- Hospitals will no longer have to enforce a two meter distance or deep clean surfaces
- Mandatory PCR tests have also been reduced for patients receiving elective
- UKHSA says change will ease pressure as country learns to live with virus
NHS owners were today given the green light to ease COVID-controlled restrictions in hospitals to boost efforts to clear the record backlog.
Officials left guidance on social distancing, which the healthcare service adopted at the start of the pandemic, in an effort to keep patients safe.
Social distancing can be reduced to 1m in some low-risk areas of hospitals that no longer require deep cleaning between uninfected patients.
And some patients who are fully vaccinated and asymptomatic no longer need to test negative on PCR and self-isolate for three days, as long as they lateral flow say they are free of the virus on the day of their procedure. Huh
Guidelines issued by the UK Health Protection Agency (UKHSA) – which replaced the dissolved PHE – are already being followed in some hospitals.
Health Secretary Sajid Javid claimed that the recommendation was possible only because of the ‘unprecedented vaccination campaign’.
He added: ‘We can now safely begin to get rid of some of the most stringent infection controls where they are no longer needed to benefit patients and reduce the burden on hardworking NHS staff.’
NHS hospitals are under record pressure after massive disruptions to patient care due to the pandemic.
The pandemic-fueled backlog for routine operations hit 5.6 million at the end of July. This figure is the highest ever recorded, which will continue to rise and will take years to clear.
The prime minister pledged an additional £10bn a year for the NHS in a tax raid aimed at helping clear huge waiting lists.
This came on top of a previously announced £5.4 billion cash boost.
The cash will go towards millions more checks, scans and procedures and will increase NHS capacity for routine operations.
The number of patients awaiting routine hospital treatment reached 5.6 million in July, the highest figure since records began in 2007. And health chiefs have warned that the backlog is about to get worse before it gets better, with estimates it could rise to 13 million by the end of the year if no action is taken.
Patients who had to wait more than 18 weeks for routine surgery – the maximum time one should wait under the NHS’s own rules – rose to 1.7 million in July, the highest level in four months
Statistics show that as of July this year, some 293,000 people were waiting for more than a year for treatment on the NHS. This was slightly less than last month when the list had 304,803 people, but still nearly three times the same level last year. The list has grown after the pandemic forced hospitals to convert entire wards to fight the virus.
The UK’s Health Protection Agency, which published the new advice, says less stringent measures may be implemented in hospitals as a growing proportion of the population is vaccinated and more is known about how the virus is contained. can be done.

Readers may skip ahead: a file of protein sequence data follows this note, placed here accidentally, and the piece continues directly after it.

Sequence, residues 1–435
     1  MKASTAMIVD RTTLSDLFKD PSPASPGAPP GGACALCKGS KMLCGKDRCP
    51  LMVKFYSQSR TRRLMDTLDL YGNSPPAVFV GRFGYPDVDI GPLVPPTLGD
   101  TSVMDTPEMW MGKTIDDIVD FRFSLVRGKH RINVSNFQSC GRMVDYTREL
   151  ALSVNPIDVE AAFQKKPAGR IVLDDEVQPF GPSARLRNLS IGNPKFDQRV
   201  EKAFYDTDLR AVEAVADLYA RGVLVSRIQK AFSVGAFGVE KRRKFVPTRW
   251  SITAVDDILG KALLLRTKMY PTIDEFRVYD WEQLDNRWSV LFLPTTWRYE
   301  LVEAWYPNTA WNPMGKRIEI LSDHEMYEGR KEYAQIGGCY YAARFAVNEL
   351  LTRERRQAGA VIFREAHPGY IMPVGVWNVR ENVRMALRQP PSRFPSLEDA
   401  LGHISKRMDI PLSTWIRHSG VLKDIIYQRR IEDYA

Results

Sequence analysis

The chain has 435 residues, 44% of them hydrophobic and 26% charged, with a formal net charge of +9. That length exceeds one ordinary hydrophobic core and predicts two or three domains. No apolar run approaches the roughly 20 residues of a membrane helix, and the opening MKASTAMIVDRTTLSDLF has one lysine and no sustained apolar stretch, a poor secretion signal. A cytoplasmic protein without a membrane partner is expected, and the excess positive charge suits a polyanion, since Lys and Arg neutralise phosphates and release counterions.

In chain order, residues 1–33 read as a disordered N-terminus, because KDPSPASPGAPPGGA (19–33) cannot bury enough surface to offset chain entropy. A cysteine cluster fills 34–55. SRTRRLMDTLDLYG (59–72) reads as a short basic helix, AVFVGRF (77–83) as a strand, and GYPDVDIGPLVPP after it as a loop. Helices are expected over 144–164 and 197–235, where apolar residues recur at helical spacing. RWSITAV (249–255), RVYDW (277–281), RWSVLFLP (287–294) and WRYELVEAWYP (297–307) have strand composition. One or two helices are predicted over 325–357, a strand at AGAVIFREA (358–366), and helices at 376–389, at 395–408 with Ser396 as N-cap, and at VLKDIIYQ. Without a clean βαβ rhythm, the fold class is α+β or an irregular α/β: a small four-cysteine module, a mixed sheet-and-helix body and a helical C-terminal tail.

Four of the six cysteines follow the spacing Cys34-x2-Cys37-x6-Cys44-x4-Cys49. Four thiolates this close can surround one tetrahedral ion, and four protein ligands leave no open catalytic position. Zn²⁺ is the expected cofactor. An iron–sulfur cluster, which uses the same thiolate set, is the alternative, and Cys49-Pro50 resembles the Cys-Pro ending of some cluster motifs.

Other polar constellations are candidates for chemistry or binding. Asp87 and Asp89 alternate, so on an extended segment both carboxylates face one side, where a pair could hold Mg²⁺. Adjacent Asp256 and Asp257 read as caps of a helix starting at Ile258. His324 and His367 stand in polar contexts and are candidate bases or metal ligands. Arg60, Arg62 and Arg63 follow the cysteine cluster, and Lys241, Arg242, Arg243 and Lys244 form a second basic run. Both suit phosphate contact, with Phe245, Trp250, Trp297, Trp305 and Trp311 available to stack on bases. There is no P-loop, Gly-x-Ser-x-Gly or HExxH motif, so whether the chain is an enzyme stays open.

The UKHSA said ‘practical changes’ will ease Covid-related pressure on hospitals in the coming months as the country learns to live with the virus.
It said social distancing could be dropped from 2m to 1m in hospitals where patient access could be controlled, such as in wards, but not in A and E, by number 10 in June reflect the message.
A minimum distance of 1 meter is already recommended by the WHO in health care settings, although it says it should be increased ‘whenever possible’.
And under the relaxation of measures, some patients will no longer be required to show a negative PCR test or isolate for three days, such as for hip and knee operations.
Only low-risk patients, who are fully vaccinated, asymptomatic and tested negative by lateral flow test on the day of their operation, will be exempted.
UK daily Covid cases rise 5% in one week to 37,960 as hospitalizations and deaths continue to fall
Britain’s daily Covid cases rose by 5.2 per cent in the past week, while deaths fell by almost a fifth, official figures revealed today.
Health department officials recorded 37,960 positive tests as compared to 36,100 on last Monday. This marks the tenth day in a row that the infection has increased from week to week.
Meanwhile, another 40 deaths were also posted, slightly less than the 49 lab-confirmed victims registered a week ago. There were no figures available on hospitalizations in the UK, but figures for England show they are falling by around 15 per cent week-on-week.
Both measures are several weeks behind cases because of how long it can take for infected patients to become seriously ill.
Meanwhile, 48.7 million Britons over the age of 16 have now received at least one dose of the vaccine (89.7 percent), while 44.7 million are double-jaded (82.4 percent).
The figures come amid fears of a fourth wave, with official data showing that children have started passing the coronavirus to their parents.
Health Department figures show England’s infection rate has been rising for a fortnight, after millions of students returned to classes at the beginning of the month. But infections were only rising among young people, with evidence that the reopening of schools was to blame.
Government figures now show, however, that rates are beginning to rise in 35- to 39-year-olds, 40 to 44-year-olds and 45 to 50-year-olds, suggesting that children may have carried the virus home with them. .
Patients with close contacts of someone who tested positive will still need to follow self-isolation and test more accurately.
And hospitals can go back to their pre-Covid cleaning procedures.
The UKHSA said there is ‘limited evidence’ of the virus spreading from surfaces.
SPI-B, a committee of behavioral scientists